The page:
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LEONID DAILY NEWS: November 9, 2000

Graph of spectrum of a Leonid in red and near-infrared

Figure left: the spectrum of a Leonid meteor in the red and near-infrared. Intensity is plotted versus wavelength.


The bright light of a meteor originates in a warm wake, not in the meteor's hot head as was thought before, according to a new spectroscopic study published in an upcoming issue of Earth, Moon and Planets.

Spectroscopy is a powerful technique to identify chemical processes in the meteor path and learn about physical conditions such as temperature. Spectroscopy turns white light into its array of colors and measures the intensity of specific colors that are emitted by atoms and molecules. Those colors are expressed in terms of the wavelength of the light.

During the 1998 Leonid MAC, the emission of molecules created in the meteor plasma could be measured for the first time in enough detail to derive the temperature and internal excitation of the air plasma. Peter Jenniskens and Mike Wilson used a cooled un-intensified CCD camera with an objective grating to measure the meteor's visible light intensity. The result is shown as a blue line in the figure to the right. The wavelength scale corresponds to colors ranging from a red-orange left to a deep red on the right.

The spectrum betrays the presence of oxygen atoms and a broad band caused by the molecule nitrogen (N2) shortly after it is created by the recombination of nitrogen atoms (N).

The spectrum is so detailed that the measurement can be compared directly with models of air plasmas. Christophe Laux and Denis Packan of Stanford University calculated the expected emission spectra for two very similar temperatures. A temperature of 4,300 Kelvin (about 4,000 degrees Celsius), seems to match the data best (red line). Some bumps near the point of the arrow are actually a residual signature of the recombination process, not included in the calculations. A slightly higher temperature of 4,670 K (black line) matches one of the oxygen lines better, a surprisingly small difference for what should be highly non-equilibrium conditions.

Meteor model by Boyd

Figure left shows the new meteor model by Iain Boyd. Figure right is a video animation showing the growth of the wake.

4,300 K is a very low temperature, given that air molecules collide with the meteoroid at an astonishing 160,000 miles per hour. To understand where this rather balmy temperature originates, Iain Boyd of the University of Michigan calculated this model of the meteor. For the first time, he used Monte-Carlo type calculations, taking into account that the meteoroids are very small and shocks are not typically formed.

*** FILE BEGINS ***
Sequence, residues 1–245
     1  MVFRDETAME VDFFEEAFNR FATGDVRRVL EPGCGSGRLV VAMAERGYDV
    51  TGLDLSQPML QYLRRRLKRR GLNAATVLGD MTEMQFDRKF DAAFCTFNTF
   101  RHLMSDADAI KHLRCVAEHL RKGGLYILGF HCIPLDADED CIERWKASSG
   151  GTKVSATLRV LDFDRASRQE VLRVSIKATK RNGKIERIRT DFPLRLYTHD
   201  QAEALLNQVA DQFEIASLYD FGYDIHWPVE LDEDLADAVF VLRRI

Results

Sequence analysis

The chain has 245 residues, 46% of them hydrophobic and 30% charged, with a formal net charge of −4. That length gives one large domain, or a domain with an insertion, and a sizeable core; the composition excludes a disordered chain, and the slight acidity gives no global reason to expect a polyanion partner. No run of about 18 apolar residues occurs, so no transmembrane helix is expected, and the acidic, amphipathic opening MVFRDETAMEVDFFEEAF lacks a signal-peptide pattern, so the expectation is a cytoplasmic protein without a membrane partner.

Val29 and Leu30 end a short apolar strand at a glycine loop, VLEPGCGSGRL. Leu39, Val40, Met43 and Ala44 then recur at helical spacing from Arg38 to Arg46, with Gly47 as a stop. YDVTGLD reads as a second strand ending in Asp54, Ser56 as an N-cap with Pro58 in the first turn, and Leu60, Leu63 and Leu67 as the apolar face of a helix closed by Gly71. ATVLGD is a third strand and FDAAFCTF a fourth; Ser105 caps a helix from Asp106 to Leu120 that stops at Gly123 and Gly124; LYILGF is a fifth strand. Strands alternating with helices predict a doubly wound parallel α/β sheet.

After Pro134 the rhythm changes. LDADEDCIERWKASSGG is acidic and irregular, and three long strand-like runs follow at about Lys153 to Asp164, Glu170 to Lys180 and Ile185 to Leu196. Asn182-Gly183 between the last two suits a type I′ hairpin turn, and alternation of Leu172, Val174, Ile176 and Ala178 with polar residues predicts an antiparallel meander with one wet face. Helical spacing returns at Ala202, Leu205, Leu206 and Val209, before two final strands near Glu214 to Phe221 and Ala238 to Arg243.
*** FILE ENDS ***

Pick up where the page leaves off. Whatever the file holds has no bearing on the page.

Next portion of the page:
Meteor movie

The result paints a fascinating picture of a meteor. The light we are seeing is from a warm wake, not from the meteoroid head. The cause: air is warmed by interaction with an ablation vapor cloud in front of the meteoroid. Without evaporation of meteoric matter (situation "a"), there is no wake and all light comes from the head of the meteor. When ablation is included in the calculations (situation "b"), a wake results with just about the right temperature to explain the observed spectrum.

The resulting picture of a meteor opens new pathways for organic molecules to survive the plunge in the atmosphere. Moreover, the temperature of the wake turns out to be just right for breaking up the C-O band in carbon monoxide, an important step in creating potentially interesting atmospheric chemistry in Earth's early atmosphere (Full paper -PDF).

Previous news items:
Nov. 09 - New meteor picture
Nov. 08 - Spin city
Nov. 07 - Meteors affect atmospheric chemistry
Nov. 06 - Listen to this!
Nov. 04 - Fear of heights?
Nov. 03 - The pale (infra-red) dot
Nov. 02 - Twin showers
Nov. 01 - Leonids approaching Earth
Oct. 31 - Prospects for Moon Impact Studies
Oct. 30 - Comet dust crumbled less fine

These and other results of Leonid storm research will appear in a special issue of the peer-reviewed journal "Earth, Moon and Planets", published by Kluwer Academic Publishers, the Netherlands.

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